Mark Twain may or may not have said “The reports of my death are greatly exaggerated.” However, value investing surely can use the quote in response to questions asked about whether value investing has died.
Before we come to the proof of the life of value investing, let us first try to understand what value investing (or any sensible investing) is. The concept of investment value is at least 82 years old. John Burr Williams first propounded the concept in his PhD thesis/book “The Theory of Investment Value.” This book, which focused on dividends (over time, this changed to cash flow), was an early version of the Discounted Cash Flow method of valuing equities.
Investing (called value or by any other name) is the process of buying securities which are trading at a discount to their true worth. Even a self-proclaimed growth investor will never say that she buys securities which are trading at a price above their true worth.
Method of valuing equities
Theoretically, the Discounted Cash Flow (DCF) calculation is the only correct method of valuing equities. However, like beauty, the DCF value is in the eye of the beholder. The assumptions that go into DCF vary from person to person and there is no objective number that one can arrive at for DCF. Hence, over the years, numerous valuation metrics have been used as proxies for comparing price to intrinsic value.
These proxies go by popular names: Price to Book value, Price to Earnings, Price to Free Cash Flow, Price to Sales and Enterprise Value to EBITDA.
Academia, in particular, got fixated on the book value based metrics for judging the efficacy of value as a measure of investment performance. Hence, when any study says that value investing works or does not work, it is most likely that the study would be using Price to Book value (or Book to Market) as a measure to estimate the valuation!
Practitioners of value investing have moved away from using book value as the sole measure of value, decades back. While book value may be relevant for certain cyclical or commodity based businesses, it is mostly an accounting relic of little use to practitioners.
The book value of an equity share has lost relevance due to the following factors.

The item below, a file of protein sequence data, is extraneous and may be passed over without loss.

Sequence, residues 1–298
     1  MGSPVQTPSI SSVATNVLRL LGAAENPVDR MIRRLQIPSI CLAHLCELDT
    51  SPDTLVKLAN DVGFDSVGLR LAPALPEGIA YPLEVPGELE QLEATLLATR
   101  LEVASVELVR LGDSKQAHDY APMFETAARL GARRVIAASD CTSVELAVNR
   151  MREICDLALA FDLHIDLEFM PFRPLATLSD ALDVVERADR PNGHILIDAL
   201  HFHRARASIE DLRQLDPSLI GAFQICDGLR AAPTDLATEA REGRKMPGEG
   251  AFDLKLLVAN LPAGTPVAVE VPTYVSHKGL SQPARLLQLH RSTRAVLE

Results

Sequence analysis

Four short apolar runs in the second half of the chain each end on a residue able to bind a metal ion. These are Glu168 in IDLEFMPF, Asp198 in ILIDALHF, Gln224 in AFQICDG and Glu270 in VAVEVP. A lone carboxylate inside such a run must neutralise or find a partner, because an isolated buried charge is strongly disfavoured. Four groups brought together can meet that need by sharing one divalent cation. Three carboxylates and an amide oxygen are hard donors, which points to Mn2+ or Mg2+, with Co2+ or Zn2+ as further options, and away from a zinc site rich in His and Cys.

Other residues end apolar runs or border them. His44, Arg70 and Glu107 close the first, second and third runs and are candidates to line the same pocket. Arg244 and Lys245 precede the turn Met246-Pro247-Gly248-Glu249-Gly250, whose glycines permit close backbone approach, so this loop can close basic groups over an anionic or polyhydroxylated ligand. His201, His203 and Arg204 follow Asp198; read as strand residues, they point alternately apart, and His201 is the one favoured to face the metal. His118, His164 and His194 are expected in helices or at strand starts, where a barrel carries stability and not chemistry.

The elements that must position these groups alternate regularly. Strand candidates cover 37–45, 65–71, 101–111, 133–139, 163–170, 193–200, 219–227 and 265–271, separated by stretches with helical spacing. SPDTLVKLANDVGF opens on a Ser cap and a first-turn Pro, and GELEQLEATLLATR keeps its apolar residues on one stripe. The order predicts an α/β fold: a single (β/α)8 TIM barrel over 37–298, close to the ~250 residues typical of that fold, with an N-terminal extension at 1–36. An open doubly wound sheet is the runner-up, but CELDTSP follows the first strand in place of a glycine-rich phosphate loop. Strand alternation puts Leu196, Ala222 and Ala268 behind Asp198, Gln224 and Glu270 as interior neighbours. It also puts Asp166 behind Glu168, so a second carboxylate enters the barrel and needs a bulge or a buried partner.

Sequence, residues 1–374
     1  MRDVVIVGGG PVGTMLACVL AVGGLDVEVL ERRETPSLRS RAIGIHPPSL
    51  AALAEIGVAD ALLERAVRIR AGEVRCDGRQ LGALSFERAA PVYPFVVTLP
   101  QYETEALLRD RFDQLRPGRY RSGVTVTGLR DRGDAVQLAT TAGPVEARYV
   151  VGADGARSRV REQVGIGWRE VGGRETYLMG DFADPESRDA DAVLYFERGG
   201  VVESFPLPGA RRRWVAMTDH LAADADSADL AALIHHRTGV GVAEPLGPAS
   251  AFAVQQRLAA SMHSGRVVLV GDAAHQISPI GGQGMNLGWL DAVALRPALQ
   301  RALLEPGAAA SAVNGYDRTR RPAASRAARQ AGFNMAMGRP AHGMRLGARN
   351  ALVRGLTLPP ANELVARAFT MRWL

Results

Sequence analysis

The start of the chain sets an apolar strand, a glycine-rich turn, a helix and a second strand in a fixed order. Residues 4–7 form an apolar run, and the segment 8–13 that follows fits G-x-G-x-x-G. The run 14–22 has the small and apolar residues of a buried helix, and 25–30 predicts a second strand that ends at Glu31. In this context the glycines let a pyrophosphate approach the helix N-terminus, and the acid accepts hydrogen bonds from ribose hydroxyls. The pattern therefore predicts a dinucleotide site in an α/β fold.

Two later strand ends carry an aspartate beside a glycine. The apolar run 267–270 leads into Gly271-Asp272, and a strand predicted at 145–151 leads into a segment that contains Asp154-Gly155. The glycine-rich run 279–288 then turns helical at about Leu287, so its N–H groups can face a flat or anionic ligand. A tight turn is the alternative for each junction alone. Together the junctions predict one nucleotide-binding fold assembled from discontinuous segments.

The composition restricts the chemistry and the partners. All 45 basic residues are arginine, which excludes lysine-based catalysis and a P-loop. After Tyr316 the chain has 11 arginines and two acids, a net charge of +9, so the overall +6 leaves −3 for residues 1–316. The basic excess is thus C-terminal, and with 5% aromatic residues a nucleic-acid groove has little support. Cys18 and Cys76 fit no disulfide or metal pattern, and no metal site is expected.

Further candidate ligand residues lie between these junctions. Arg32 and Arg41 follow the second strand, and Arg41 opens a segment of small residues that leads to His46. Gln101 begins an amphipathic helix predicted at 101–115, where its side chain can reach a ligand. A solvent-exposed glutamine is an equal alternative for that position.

Inflation: Because of inflation, the book value of an old company would vastly understate the true value of the assets owned.
Accounting Assumptions: Different companies have different accounting assumptions for revenue recognition, inventory valuation, depreciation and so on. Because of these assumptions, the book value of an equity share can be vastly different across different companies even if the underlying business numbers are the same.
Revaluation & Mark-to-Market accounting: Some companies in certain sectors are required to revalue the assets based on the current market price of tradeable assets, while others may be holding those assets at cost price. In the two cases, the book value may be significantly different.
Mergers & Acquisitions (M&A): Companies that do lots of M&As also have somewhat distorted book values.
Brands / Patents / Technology: However, the most significant reason that book value has ceased to be a predictor of investment values is that a lot of businesses rely on brands, patents and technology for earning profits and cash flows rather than physical assets. Brands, patents and technology are mostly absent in company balance sheets and do not show up in the book value. If one thinks about companies such as Hindustan Unilever or Google, the value of these companies is in the brands and technology rather than their book values.
One reason why academia has been favouring book value-based measures is that Benjamin Graham, considered to be the father of value investing, was a big fan of balance sheet based investing rather than earnings and cash flow. However, recent research has shown that earnings and cash flow based measures are better predictors of value-based strategies rather than book value-based measures.
For people measuring the performance (or lack of it) of value strategies, it may be time to move from Benjamin Graham to John Burr Williams.
(The writer is chief investment officer, PPFAS AMC)